Even as a debate is raging on the management of the annual Sabarimala pilgrimage in the wake of the deadly stampede, a pictorial report prepared by eminent architect, late Laurie Baker, on creating essential amenities for devotees without harming nature has been gathering dust for the past 15 years.
The British born humanist and advocate of low cost buildings, who spent much of his later life in Kerala and acquired Indian citizenship, took a trip to Sabarimala in 1995, on request from the state government, to provide inputs for plans to improve facilities for pilgrims without causing stress to the delicate environment.
Baker was 79 when he undertook the arduous trek from Pampa to Sabarimala, enjoying the natural settings of the area but feeling deeply concerned over the ecologically hostile constructions that had come up over the years. The 36 page hand written report, full of Baker’s own drawings and illustrations, has proved prophetic now, as it had sufficiently warned that unless the roads leading to the base camp at Pampa were developed into four lanes the pilgrimage could turn nightmarish any time.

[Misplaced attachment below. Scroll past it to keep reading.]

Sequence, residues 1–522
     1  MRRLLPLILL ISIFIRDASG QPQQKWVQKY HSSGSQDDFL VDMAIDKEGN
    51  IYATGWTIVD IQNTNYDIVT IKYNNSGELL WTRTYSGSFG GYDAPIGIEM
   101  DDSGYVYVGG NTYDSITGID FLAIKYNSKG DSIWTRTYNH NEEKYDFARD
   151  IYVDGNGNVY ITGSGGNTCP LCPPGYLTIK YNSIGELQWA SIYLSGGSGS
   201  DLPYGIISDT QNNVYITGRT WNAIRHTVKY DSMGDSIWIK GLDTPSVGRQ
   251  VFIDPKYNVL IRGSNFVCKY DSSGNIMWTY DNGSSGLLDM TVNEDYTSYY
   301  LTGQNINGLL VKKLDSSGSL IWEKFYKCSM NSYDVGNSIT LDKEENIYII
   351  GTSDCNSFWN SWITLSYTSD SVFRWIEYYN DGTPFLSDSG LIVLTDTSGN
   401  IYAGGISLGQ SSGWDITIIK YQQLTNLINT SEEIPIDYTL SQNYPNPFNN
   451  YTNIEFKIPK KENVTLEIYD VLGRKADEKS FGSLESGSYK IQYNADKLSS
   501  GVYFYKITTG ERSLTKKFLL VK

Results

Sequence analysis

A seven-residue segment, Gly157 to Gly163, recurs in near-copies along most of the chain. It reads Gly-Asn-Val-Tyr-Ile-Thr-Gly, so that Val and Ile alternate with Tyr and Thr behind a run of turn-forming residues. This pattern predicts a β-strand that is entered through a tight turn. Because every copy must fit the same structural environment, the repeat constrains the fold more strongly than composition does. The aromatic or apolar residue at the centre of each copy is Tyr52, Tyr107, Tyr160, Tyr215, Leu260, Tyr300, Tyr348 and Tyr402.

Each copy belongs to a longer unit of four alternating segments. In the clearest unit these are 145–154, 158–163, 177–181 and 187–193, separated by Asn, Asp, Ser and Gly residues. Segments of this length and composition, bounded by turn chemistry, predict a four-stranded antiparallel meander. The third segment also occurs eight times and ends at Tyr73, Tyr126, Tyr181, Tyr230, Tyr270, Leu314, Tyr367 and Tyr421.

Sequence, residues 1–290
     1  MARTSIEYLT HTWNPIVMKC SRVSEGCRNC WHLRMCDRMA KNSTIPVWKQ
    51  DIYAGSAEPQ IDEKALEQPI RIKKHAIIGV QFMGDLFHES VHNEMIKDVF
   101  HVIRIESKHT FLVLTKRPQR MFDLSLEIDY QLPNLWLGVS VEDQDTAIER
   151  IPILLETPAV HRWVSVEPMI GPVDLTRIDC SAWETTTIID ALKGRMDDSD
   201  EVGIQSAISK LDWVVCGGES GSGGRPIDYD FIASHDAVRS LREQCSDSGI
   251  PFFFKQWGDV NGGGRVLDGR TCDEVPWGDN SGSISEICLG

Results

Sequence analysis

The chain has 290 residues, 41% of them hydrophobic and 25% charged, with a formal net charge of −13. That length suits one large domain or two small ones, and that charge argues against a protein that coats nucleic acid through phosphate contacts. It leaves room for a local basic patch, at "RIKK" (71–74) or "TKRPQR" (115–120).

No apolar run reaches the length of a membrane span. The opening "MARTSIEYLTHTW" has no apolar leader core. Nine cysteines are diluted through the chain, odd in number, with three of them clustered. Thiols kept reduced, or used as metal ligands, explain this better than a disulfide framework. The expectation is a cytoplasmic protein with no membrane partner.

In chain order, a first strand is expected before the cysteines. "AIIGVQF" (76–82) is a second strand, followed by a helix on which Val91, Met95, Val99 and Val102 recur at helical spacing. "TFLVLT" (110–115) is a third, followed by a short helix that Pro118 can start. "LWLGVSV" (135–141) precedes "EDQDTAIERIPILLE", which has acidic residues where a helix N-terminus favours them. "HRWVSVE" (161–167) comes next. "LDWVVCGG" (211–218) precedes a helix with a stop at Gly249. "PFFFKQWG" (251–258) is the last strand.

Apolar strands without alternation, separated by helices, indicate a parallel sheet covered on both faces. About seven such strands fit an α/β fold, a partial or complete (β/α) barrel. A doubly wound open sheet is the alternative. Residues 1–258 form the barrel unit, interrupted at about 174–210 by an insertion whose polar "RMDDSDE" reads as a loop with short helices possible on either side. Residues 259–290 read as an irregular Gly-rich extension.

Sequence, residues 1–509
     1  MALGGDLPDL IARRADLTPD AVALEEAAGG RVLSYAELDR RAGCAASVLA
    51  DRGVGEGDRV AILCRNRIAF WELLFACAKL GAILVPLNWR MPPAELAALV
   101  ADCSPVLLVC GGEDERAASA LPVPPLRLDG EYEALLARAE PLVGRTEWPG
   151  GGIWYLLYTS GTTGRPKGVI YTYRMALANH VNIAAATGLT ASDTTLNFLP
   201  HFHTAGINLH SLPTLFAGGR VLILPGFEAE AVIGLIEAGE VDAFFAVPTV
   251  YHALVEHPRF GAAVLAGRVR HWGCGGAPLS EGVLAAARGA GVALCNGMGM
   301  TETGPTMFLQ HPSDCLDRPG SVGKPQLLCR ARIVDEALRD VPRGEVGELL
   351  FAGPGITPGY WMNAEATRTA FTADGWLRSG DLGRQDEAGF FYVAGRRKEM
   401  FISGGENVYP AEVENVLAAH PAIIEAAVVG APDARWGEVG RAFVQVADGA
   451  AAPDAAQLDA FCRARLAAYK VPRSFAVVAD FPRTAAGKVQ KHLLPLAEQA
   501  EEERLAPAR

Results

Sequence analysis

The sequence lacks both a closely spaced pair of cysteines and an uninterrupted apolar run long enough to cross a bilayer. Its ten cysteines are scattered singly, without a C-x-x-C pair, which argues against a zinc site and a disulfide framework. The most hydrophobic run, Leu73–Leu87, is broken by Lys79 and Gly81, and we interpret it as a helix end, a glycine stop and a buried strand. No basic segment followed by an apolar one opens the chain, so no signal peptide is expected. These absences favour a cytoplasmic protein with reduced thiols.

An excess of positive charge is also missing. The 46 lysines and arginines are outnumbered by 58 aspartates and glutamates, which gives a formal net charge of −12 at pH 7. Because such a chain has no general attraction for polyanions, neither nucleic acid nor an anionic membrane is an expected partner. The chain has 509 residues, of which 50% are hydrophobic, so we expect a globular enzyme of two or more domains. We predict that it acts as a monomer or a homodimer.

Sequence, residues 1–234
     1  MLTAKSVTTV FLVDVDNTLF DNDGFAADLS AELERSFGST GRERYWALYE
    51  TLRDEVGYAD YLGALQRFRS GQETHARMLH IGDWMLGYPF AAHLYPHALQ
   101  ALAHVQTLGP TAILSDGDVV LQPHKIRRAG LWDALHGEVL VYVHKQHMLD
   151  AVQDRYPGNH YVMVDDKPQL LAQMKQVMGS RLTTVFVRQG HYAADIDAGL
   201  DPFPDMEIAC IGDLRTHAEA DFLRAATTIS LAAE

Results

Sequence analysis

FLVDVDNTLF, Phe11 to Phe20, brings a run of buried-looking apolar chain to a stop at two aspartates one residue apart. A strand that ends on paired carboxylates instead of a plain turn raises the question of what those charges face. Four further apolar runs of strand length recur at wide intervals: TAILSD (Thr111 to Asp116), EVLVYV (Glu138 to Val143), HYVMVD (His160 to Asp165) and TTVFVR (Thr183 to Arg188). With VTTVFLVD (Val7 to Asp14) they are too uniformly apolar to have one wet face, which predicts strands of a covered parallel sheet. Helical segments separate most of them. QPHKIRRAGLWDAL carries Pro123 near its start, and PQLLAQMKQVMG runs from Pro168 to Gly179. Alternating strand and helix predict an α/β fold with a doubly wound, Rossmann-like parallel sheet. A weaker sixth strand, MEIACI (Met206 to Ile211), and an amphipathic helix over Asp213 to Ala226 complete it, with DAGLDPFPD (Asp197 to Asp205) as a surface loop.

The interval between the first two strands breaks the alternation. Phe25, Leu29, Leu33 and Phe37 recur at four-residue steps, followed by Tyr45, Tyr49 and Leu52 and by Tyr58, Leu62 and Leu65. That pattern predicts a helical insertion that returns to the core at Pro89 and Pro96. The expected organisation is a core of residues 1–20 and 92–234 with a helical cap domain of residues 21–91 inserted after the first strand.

Much of the emphasis of Baker, however, has been on meeting basic needs of millions of pilgrims coming to Sabarimala, like drinking water, sanitation and cool and shady trees along the lines to provide relief to devotees who undertake the steep trek to the temple atop.
"As a nature lover I have always been fascinated by forests and mountains. My pilgrimage to Sabarimala gave me the maximum enjoyment and pleasure as I first drove to Pampa and then walked to Sabarimala," he wrote.
But in the same breath, Baker said, "I am sad to say the world famous temple and its immediate environment was a very great disappointment...I have always felt that the peace and simplicity of religious buildings are incomplete unless they are able to blend with the beauty and perfection of nature.”